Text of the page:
The second meeting took place on Friday, September 7th. FCF staff member, Jessica Beyer led an action-packed, two-hour discussion and planning process. Decisions were made and core team leaders took on tasks to plan and implement the following:
1. Conduct a Child Care Provider Appreciation event tentatively scheduled for October 30, 2018.
2. Conduct surveys on child care with parents, employers and providers, including past providers, with a collection deadline of November 1, 2018.
3. Conduct a Community Conversation inviting interested people from the entire county scheduled for November 29, 2018.
The end result of the survey, community conversation and follow-up planning will be creating a community action plan.

Working Towards a Solution

In addition to this planning team, other entities are conducting similar solution gathering meetings. At the state level, a delegation of state senators led by Senator Bill Weber implemented several listening sessions on the issue of child care. “Child care is becoming a real economic development issue in rural Minnesota,” said Sen. Bill Weber, R-Luverne, chairman of the Senate task force gathering information about the issue.

The task force made a visit to Willmar on August 13th with more than 30 community representatives taking part. Carolyn Lange of the West Central Tribune reported, “At that listening session in Willmar, a single mom of two talked about how difficult it is to work until 6 p.m. when her day care provider closes at 5 p.m. “How can I get ahead without child care?” she asked.

Home day care providers talked about the inconsistent application of regulations, how caring for school-aged kids an hour or two a day eliminates a full-time placement of a younger child under current license limitations, and how high home insurance costs to operate a home daycare and the lack of health care makes it difficult for independent owners to stay in business.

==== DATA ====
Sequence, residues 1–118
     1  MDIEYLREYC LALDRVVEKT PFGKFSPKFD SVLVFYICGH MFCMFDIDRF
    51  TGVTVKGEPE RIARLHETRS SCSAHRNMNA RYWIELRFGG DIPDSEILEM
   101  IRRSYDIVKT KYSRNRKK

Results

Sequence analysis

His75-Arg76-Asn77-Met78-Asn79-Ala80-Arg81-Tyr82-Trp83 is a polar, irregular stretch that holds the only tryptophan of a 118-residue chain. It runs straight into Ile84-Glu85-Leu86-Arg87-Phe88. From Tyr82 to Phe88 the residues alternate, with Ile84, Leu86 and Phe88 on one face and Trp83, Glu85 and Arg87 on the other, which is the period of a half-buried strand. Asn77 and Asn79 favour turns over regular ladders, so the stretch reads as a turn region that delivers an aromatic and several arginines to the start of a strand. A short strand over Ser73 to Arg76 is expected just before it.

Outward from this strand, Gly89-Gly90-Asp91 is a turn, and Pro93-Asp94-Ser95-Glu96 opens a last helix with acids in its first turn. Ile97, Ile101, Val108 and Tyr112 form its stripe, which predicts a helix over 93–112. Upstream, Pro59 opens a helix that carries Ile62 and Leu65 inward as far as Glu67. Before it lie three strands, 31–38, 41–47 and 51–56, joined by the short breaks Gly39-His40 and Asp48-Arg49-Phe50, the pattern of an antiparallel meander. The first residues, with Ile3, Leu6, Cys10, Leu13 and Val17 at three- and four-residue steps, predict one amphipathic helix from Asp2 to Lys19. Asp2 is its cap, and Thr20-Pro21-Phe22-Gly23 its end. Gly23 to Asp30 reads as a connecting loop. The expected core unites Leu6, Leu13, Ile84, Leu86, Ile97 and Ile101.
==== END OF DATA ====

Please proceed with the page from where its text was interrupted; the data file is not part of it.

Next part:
Operators of day care centers talked about the challenge of finding licensable space, difficulties in paying qualified teaching staff enough to keep them on the job and the long list of names of children on a waiting list to get in. Women who are thinking about getting pregnant are already looking for day care, said one provider — only half joking.
“We’re all hearing this same complaint about child care in all corners of the state,” said Sen. David Tomassoni, DFL-Chisolm, a member of the task force.”

At the third quarter meeting on Minnesota Association of Professional County Economic Developers, the issue of child care was once again on the agenda as a topic of interest. Four panel members including Debi Brandt of United Community Action Partnership, Scott Marquardt of Southwest Initiative Foundation, Jessica Beyer of FCF and Reggie Wagner, MN Department of Human Services first talked about their agency and roles in the area of child care. They then offered suggestions about how communities can begin to tackle the child care access issues locally. Brandt spoke of the Rural Childcare Innovation Program that has begun in Kandiyohi County, gaining the interest of all economic developers in attendance.

The Kandiyohi County Economic Development Commission is pleased to be part of so many concerned groups, all working to find solutions. With such a vast interest by varied disciplines, answers are sure to be found. More and more, we are finding that the issue of quality, affordable childcare access is affecting nearly everyone in the county. To let your voice be heard, plan to attend the Community Conversation on Child Care, scheduled for November 29, 2018. A free dinner will be offered at 6 p.m. Discussion begins at 6:30 p.m. Child care and transportation will be provided for those who can only come with this assistance. This all takes place at the Kandiyohi County Health & Human Services Building, lower level Conference Room, 2200 23rd Street, NE, Willmar, MN.